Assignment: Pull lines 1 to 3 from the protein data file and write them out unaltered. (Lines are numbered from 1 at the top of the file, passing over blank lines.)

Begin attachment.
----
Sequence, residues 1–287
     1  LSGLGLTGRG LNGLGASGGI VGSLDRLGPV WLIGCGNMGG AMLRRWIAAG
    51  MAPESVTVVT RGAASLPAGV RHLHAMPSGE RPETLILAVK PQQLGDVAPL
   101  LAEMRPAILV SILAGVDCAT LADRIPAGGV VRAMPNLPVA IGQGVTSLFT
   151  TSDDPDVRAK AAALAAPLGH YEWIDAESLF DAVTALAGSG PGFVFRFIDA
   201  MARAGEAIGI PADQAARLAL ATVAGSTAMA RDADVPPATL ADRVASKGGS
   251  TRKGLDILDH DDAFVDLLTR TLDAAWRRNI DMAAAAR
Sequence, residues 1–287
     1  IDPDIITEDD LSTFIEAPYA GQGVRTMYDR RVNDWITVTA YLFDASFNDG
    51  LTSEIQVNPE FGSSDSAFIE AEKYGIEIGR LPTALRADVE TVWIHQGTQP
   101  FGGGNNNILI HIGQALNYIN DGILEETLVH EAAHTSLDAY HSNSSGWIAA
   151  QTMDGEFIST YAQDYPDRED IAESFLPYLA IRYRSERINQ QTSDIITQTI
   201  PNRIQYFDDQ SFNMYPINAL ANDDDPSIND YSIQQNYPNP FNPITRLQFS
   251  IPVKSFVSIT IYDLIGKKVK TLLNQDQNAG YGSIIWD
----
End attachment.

Sequence, residues 1–287
     1  LSGLGLTGRG LNGLGASGGI VGSLDRLGPV WLIGCGNMGG AMLRRWIAAG
    51  MAPESVTVVT RGAASLPAGV RHLHAMPSGE RPETLILAVK PQQLGDVAPL